There is no world in which the US SC is the correct forum to decide that issue, anymore than the UK's Brexit could be overturned by the EU's Court of Justice.  It makes no difference what the treaties say, which is all the court could establish, as sovereign's are within their rights to repudiate a treaty.  Once Georgia determined it was a Sovereign and acted as such, it was the US government's (not it's courts) authority to argue the point that become relevant.  The same would be true today - by the way - if say CA or TX declares independence, they are not going to submit to the US SC about whether they have the authority to do so.

Pete at Home

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Re: Destruction and theft of cultural heritage
« Reply #127 on: September 18, 2017, 08:03:28 PM »
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There is no world in which the US SC is the correct forum to decide that issue, anymore than the UK's Brexit could be overturned by the EU's Court of Justice

Agreed. And that's a fantastic analogy. If you look at what I actually said, then you may find it supports my argument.

If the UK disagreed with the EU on the terms of its exit, it would more likely take the case to EU mediation or courts to plead its case rather than to shell some Interpol office.

Pete at Home

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Re: Destruction and theft of cultural heritage
« Reply #128 on: September 18, 2017, 08:19:58 PM »
even if we suppose that reasonably likely facts could have played out differently resulting in Lee winning the Civil War, there would have been another, far more devastating war before the 1890s with Southern aristocracy grabbing for California and Nevada.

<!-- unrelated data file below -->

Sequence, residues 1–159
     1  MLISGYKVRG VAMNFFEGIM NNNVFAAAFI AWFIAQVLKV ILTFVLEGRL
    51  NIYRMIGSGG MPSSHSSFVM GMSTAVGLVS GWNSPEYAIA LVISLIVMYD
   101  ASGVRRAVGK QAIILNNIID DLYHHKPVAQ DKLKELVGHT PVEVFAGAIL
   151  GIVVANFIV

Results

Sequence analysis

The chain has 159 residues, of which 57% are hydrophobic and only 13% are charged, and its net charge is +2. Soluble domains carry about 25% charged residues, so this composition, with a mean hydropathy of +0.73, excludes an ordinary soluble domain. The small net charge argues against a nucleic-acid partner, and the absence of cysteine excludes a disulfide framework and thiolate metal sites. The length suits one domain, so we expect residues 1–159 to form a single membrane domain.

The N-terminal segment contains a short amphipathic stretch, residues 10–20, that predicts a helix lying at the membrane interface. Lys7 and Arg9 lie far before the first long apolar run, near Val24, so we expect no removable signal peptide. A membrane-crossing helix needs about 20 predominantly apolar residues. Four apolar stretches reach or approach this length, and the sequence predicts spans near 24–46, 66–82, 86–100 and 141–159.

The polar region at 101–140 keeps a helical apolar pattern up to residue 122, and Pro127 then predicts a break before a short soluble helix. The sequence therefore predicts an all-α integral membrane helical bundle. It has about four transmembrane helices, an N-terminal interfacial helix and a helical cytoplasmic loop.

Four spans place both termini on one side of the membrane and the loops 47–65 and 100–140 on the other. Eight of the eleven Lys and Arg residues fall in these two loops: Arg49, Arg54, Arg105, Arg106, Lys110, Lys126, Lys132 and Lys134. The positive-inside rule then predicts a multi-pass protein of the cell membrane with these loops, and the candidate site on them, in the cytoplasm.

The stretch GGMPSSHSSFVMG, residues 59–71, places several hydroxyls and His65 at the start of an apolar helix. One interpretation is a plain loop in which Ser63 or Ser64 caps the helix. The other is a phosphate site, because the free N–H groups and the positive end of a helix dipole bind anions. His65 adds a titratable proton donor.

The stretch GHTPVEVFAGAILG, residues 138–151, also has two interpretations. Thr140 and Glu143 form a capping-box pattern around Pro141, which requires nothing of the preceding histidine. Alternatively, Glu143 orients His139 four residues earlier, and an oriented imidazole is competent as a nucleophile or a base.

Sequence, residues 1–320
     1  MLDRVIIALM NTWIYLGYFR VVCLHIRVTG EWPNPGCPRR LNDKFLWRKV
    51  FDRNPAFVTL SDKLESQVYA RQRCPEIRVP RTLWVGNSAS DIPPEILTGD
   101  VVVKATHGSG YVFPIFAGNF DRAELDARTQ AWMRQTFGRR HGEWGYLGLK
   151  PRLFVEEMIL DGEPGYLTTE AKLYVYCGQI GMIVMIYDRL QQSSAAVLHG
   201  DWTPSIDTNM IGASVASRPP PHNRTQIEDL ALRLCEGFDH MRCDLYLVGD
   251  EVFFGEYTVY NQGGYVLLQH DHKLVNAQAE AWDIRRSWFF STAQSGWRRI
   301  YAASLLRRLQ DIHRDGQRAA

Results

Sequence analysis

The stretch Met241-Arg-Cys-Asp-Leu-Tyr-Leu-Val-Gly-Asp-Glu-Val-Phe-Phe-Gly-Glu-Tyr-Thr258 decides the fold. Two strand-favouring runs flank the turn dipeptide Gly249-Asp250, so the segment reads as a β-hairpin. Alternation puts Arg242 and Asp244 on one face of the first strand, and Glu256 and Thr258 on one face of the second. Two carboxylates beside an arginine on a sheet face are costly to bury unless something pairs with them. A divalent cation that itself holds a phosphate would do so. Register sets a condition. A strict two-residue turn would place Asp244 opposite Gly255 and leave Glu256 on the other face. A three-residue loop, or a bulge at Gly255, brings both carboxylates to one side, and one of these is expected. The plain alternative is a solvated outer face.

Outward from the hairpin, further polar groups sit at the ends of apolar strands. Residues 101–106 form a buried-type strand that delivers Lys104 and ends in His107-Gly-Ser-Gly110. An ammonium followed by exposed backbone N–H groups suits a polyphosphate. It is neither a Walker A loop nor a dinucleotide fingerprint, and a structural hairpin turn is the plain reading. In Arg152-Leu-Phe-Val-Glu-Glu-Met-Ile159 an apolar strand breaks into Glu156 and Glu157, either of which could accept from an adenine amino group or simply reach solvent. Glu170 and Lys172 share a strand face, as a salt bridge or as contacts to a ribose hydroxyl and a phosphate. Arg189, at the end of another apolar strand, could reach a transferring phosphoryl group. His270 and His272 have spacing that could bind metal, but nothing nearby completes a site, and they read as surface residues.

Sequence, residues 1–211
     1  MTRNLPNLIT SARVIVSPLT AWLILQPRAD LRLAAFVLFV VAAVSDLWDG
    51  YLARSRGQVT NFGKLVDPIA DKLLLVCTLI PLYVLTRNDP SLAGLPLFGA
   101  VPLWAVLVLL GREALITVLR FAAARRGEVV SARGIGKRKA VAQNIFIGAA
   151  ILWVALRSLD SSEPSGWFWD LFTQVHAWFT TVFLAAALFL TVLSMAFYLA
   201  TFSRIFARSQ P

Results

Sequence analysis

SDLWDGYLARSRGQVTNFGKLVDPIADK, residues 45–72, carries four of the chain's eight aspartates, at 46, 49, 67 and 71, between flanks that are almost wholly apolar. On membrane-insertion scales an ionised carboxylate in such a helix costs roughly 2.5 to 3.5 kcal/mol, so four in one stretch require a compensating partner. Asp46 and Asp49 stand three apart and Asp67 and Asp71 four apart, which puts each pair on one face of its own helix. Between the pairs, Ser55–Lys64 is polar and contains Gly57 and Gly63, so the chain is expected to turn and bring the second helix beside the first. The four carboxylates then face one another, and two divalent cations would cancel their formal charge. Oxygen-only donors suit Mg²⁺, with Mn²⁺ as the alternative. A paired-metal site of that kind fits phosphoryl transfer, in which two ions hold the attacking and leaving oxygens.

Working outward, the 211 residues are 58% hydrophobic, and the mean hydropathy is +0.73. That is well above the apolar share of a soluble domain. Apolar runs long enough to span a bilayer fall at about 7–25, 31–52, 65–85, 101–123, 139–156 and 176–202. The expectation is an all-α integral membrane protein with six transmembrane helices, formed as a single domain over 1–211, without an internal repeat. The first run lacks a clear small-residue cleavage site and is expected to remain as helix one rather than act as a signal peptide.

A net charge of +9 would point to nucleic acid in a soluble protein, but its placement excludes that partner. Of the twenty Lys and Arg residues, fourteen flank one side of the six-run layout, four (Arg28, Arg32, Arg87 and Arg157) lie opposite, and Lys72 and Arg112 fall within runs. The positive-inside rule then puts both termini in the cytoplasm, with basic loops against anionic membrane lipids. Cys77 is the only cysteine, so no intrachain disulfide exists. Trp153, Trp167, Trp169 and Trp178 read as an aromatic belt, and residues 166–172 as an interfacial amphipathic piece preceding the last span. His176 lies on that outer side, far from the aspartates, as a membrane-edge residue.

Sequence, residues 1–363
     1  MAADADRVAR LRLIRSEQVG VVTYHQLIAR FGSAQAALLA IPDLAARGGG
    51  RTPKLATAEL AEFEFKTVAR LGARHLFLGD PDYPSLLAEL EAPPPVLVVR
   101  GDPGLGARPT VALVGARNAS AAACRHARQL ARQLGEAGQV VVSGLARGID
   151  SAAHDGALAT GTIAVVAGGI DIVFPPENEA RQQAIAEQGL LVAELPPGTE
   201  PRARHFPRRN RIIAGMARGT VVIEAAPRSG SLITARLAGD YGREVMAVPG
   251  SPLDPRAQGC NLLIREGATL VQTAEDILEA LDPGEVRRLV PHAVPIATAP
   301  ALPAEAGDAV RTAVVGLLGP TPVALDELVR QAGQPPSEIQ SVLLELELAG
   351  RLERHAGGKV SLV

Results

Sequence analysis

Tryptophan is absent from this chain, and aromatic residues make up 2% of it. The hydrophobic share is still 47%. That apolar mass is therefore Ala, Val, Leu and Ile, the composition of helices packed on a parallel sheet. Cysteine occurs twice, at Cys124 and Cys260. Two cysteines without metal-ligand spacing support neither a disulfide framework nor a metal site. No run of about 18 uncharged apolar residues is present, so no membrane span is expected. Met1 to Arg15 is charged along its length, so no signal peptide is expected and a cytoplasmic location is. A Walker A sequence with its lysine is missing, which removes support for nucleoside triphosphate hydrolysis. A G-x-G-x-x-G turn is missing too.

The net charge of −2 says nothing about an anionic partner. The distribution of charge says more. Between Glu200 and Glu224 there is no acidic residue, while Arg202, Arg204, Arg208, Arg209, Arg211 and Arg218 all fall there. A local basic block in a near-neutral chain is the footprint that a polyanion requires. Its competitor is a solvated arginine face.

THAT would have been suicide on the part of the South,

Firing on Fort Sumpter was suicide for the South, and if emboldened by an actual victory in the civil war, no bloody way they would have held back on NV and CA. Don't forget 5hat Lincoln's "Tyranny" hitched of in the Confederate declaration of Independence constituted of his campaign promise to halt expansion of slavery to future territories.  THAT is what the rich bastards were sending dumb white poor folks to die over.  You think they would have backed off that goal in the face of victory?

TheDrake

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Re: Destruction and theft of cultural heritage
« Reply #129 on: December 21, 2017, 01:02:37 PM »
Two more statues go to an undisclosed location in Memphis

They sold the plot it stood on, kind of a sneaky maneuver but who can blame them for not wanting a riot over it?

Makes me wonder - should cash strapped communities hold an auction for these statues? Can you imagine the bidding war between people who want to preserve them and peopel who want to destroy them?  :P

Pete at Home

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Re: Destruction and theft of cultural heritage
« Reply #130 on: December 25, 2017, 08:44:18 AM »
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The history of Republican Rome up to the Empire was one long story of class struggle between the Plebs and the Patricians

Yes, but until the modern age, it was a story told by Patricians. Spartacus didn't write history books.